Units on the air, standby for the box…

Those words used to make me run.  That is the pre-empt our dispatch gives us when one of their call taker colleagues shouts across the dispatch center “Box going out!”

It means there’s a fire.

In my new staff role I haven’t answered a 911 call, EMS or fire in months.  I’ll be honest, it’s weird.

But today I was in the Chief’s Secretary’s office getting ready for a hospital meeting and heard those words I used to dream of, “Units on the air stand by for the box…”

And I almost didn’t notice.

The light duty firefighters nearby huddled around the radio as the first in engine reported heavy fire from the third floor.  I was more focused on the dozen cases being presented at my meeting and how I would defend the actions of my Paramedics if questioned.

I think I’ve made a turn.

We can all agree my life has been more patient focused than fire, but I never realized how little I would miss the engine.  It kind of makes me wonder if I just accepted the engine work because it meant more patients.  Engine work is pretty straight forward when you boil it down, especially for a layout guy like I was.  Not easy, just straight forward.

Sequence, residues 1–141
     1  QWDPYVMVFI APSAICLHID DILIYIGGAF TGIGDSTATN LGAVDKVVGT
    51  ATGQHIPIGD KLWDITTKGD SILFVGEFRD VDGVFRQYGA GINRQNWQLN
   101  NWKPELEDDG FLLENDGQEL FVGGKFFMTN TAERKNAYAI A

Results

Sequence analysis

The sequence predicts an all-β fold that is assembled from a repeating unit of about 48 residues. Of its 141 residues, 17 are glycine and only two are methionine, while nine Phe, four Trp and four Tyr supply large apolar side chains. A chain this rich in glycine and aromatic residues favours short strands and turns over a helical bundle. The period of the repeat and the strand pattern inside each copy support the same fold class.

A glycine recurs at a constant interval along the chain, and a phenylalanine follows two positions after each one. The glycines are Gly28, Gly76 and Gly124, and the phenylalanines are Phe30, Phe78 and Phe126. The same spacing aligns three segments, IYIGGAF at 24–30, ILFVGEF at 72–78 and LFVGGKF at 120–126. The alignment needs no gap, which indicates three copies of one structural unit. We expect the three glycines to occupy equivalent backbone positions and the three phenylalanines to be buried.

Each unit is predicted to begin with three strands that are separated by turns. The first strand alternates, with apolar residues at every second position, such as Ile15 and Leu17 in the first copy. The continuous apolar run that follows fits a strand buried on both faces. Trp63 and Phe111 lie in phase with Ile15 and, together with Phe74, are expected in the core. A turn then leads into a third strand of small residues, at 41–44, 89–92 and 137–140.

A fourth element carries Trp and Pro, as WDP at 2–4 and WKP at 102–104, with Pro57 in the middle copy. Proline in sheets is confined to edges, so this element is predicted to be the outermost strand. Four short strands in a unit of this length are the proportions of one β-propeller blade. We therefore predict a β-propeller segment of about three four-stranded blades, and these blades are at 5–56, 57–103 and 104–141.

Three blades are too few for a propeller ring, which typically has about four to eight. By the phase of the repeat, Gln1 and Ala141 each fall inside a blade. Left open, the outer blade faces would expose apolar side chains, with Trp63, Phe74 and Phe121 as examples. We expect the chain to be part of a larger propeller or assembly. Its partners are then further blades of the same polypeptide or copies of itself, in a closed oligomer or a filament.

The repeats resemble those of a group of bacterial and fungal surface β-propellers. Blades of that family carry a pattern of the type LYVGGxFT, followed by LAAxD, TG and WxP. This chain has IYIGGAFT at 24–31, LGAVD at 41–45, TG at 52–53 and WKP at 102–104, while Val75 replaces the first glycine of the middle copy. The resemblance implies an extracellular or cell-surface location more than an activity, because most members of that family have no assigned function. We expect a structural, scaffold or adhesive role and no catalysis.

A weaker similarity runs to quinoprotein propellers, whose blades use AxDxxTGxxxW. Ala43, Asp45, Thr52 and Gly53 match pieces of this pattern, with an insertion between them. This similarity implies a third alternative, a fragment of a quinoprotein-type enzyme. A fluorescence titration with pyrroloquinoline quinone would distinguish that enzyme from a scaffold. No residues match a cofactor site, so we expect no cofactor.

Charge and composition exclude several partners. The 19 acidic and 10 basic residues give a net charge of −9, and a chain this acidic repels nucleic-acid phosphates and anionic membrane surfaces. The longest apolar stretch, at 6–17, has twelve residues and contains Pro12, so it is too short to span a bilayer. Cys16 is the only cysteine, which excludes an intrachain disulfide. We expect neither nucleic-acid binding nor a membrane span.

“Standby for the box” was what I heard the morning a ceiling fell on me.  “Stand by for the box” is what Vince and Tony heard on the way to the fire that claimed their lives.  And at this moment, when all my brothers and sisters were hearing those same words and stepping up to answer the call, my mind was elsewhere.

It was a powerful moment for me, difficult to describe, even reading this short explanation leaves so much emotion out I wonder if posting this is even worth it.

The drive to the meeting took me near the fire, but not close enough to get caught up in the chaos.  On the way I thought about what I should write about on the blog and nothing came to mind.  All I wanted to do was get to that meeting and remind the doctors and nurses that the reason they can have a meeting about patients who are still alive is because my guys and gals did their jobs.

I can still throw a 24′ aluminum and take a pole on the 50′, advance a 1 3/4″ up a stairwell or re-position the aerial, but my main focus, my passion and my drive is that little room on the third floor where I get to stand up for good patient care.

Call me crazy, but I’m happy.  Stressed, confused, scattered and unsure, but happy.

 

Standby for the box…You guys get this one.  Let me know if anyone’s hurt.

the Crossover Episode 18 – Where’s your car dude?

The boys are back in what can only be described as their Christmas Show.  They discuss how to stay safe when out shopping, what a cassette tape and a pencil will never show our children and why the Elf on the Shelf might just make up for it.

 

Motorcop from Motorcopblog.com joins me for another 45 minutes of the internet’s only Police/EMS/Fire podcast!